Sunderland partners with engineering firm to reimagine village center

  • Sunderland board members meet with Stantec consultant Jason Schreiber to kick off the town’s village center re-envisioning process. STAFF PHOTO/CHRIS LARABEE

  • Much of the focus of last week’s meeting was on traffic in the center of Sunderland, where Routes 47 and 116 intersect, pictured. More than 18,000 vehicles pass through there each day. STAFF FILE PHOTO/JULIAN MENDOZA

Staff Writer
Published: 11/19/2023 12:43:07 PM
Modified: 11/19/2023 12:42:14 PM

SUNDERLAND — The town has partnered with the Stantec engineering firm to come up with a vision for the village center and what possibilities the community could explore to encourage development in the future.

“The reason the committee was formed was so we can be more proactive with what happens in the center of our town,” Village Center Committee Chair Lorin Starr summarized to a group of town officials at a kick-off meeting last week. “What is our vision? Where would we like it to go?”

Among those gathered and sharing feedback with Stantec consultant Jason Schreiber were Selectboard, Planning Board, Historical Commission and Zoning Board of Appeals members, as well as Franklin Regional Council of Governments (FRCOG) and state Department of Transportation representatives.

“We’re here to listen; we’re here to understand,” Schreiber said, emphasizing Stantec’s role is to compile residents’ feedback and come back with some conceptual ideas. “There is an opportunity to do something here and there is a need, [that] is what we heard today.”

Much of the focus of last week’s meeting was on traffic in the center of town, where Routes 47 and 116 intersect. More than 18,000 vehicles pass through there each day, according to Schreiber.

“I’m not very focused on the solution right now, I’m really focused on the problem,” he said. “This is a great opportunity to say, ‘Hey, how can we look at this differently?’”

Of the challenges facing the village center, those in attendance highlighted safety concerns for older adults and children and the speed of vehicles rolling through town, as well as the issues caused by vehicle queuing when people are going to or leaving work.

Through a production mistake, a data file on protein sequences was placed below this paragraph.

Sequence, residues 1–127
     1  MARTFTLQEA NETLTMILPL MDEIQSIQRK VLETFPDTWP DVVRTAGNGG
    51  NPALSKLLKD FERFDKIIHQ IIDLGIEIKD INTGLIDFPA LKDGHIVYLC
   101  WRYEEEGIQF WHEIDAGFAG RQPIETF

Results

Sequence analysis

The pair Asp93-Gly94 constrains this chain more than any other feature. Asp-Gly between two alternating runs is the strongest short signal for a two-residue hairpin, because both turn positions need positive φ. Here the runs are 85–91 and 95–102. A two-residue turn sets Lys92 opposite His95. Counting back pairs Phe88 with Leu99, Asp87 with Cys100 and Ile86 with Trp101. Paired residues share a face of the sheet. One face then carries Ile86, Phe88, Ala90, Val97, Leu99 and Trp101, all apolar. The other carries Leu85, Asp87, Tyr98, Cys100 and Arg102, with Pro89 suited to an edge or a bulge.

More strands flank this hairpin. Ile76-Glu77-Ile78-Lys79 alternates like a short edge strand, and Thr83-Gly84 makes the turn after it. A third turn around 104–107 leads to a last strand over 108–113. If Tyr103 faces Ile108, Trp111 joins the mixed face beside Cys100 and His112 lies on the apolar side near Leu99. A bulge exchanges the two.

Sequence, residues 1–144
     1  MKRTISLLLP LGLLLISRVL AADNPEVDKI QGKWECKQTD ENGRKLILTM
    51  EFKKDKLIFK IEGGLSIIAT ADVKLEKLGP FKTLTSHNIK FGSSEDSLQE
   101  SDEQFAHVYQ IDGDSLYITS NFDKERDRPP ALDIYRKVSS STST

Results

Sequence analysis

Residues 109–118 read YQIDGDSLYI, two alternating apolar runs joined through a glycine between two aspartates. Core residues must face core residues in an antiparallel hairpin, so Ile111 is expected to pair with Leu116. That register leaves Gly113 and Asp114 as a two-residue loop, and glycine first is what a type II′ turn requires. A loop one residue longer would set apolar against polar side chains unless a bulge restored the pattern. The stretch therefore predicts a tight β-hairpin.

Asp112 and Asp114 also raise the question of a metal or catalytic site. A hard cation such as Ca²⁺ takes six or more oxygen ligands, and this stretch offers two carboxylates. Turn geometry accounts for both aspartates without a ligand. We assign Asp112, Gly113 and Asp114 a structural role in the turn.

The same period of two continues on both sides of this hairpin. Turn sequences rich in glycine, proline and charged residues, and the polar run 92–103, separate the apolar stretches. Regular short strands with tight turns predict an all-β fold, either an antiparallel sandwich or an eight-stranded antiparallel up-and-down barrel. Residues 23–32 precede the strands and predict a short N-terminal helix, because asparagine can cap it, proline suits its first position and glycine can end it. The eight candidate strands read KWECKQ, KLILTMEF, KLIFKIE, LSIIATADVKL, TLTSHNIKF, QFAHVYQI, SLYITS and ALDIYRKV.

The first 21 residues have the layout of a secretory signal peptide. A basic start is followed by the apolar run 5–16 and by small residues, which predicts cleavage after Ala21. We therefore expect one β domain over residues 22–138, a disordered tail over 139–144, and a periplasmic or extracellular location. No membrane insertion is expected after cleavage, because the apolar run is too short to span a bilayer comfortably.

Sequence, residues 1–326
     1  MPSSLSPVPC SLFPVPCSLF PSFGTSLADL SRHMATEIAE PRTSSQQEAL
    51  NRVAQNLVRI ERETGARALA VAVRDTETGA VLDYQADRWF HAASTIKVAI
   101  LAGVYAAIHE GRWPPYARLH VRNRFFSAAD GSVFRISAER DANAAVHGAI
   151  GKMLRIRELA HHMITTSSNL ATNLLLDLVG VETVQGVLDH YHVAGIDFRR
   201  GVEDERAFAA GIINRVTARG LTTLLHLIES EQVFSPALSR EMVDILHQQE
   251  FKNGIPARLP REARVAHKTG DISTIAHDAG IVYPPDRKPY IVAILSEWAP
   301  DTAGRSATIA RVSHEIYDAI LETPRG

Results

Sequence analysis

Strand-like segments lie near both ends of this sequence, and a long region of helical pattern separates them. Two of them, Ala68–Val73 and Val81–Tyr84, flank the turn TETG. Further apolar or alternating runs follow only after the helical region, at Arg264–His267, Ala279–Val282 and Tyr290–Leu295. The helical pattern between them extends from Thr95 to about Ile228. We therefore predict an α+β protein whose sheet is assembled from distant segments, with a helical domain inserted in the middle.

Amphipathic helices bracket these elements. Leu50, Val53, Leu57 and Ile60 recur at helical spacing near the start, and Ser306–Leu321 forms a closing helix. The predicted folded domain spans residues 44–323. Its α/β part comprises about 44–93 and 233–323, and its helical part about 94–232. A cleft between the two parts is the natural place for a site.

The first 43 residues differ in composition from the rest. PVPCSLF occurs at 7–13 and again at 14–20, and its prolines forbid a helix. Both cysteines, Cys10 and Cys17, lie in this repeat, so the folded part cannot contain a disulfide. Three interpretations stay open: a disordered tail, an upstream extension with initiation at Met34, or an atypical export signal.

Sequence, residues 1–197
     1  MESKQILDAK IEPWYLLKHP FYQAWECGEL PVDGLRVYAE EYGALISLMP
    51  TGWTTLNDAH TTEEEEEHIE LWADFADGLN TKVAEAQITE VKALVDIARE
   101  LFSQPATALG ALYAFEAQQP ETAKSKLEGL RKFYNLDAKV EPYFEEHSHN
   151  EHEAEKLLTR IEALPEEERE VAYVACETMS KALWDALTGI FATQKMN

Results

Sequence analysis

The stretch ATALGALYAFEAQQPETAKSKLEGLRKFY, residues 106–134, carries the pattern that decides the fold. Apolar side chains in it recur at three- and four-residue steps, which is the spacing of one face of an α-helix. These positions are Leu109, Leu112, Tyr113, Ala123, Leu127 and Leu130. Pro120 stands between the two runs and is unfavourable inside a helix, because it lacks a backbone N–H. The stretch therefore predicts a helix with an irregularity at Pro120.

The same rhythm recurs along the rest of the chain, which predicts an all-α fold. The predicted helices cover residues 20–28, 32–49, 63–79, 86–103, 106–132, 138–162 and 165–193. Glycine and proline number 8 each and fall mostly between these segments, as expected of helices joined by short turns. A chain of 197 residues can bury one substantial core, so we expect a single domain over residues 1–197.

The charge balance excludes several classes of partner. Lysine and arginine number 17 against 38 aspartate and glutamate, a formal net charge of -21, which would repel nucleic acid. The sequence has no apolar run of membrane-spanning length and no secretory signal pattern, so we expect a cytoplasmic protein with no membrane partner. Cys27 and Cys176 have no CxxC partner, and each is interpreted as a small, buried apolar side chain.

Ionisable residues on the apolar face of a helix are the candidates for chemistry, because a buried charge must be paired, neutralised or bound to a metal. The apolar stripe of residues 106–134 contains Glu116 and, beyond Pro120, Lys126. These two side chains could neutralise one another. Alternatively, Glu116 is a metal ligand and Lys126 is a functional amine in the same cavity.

To those who don’t live there, but work in Greenfield, Deerfield or Amherst, Sunderland is often treated as a pass-through town because the bridge is a “conduit to the interstate and the rest of the world,” Schreiber said.

And for those who do live in town, some folks may feel intimidated about crossing the street at the few available crosswalks due to speeding traffic, while long traffic lines make it a severe hassle to get in or out of the businesses on Route 116 during rush hour.

Village Center Committee member Benneth Phelps said any sort of intersection work needs to take into account the wide variety of backgrounds of people in town, such as Sunderland Elementary School students and the residents at Sanderson Place.

“It’s an amazing opportunity to design this for a really wide set of users,” Phelps said. “We have a lot of users to consider their needs.”

Traffic speed mitigation strategies, Schreiber said, can vary from decreasing the width of travel lanes, new signs and lights, or even a rotary. Beyond the safety benefits of slowing down traffic, Schreiber said slower travel through town would give people a chance to see what businesses are open in the center of Sunderland, which can draw in valuable “pass-by traffic.”

Selectboard Chair Nathaniel Waring noted a good example of slowing down traffic and drawing people into a village is Shelburne Falls, although that community is not based in the middle of a state route like Sunderland.

“It feels like a community,” he said, adding that something as simple as adding trees or flagpoles can create that feeling. “When you’re coming down 116, you don’t realize you’re in the village center until you’re at the light.”

Stantec will return to Sunderland in January for a wider community forum with conceptual ideas for the village center, where residents can discuss what ideas appeal to them.

“We’re going to throw at you a lot of ideas that might happen in the corridor,” Schreiber said. “We’re just going to put results up and let people say, ‘I like this more because of this.’”

Chris Larabee can be reached at or 413-930-4081.


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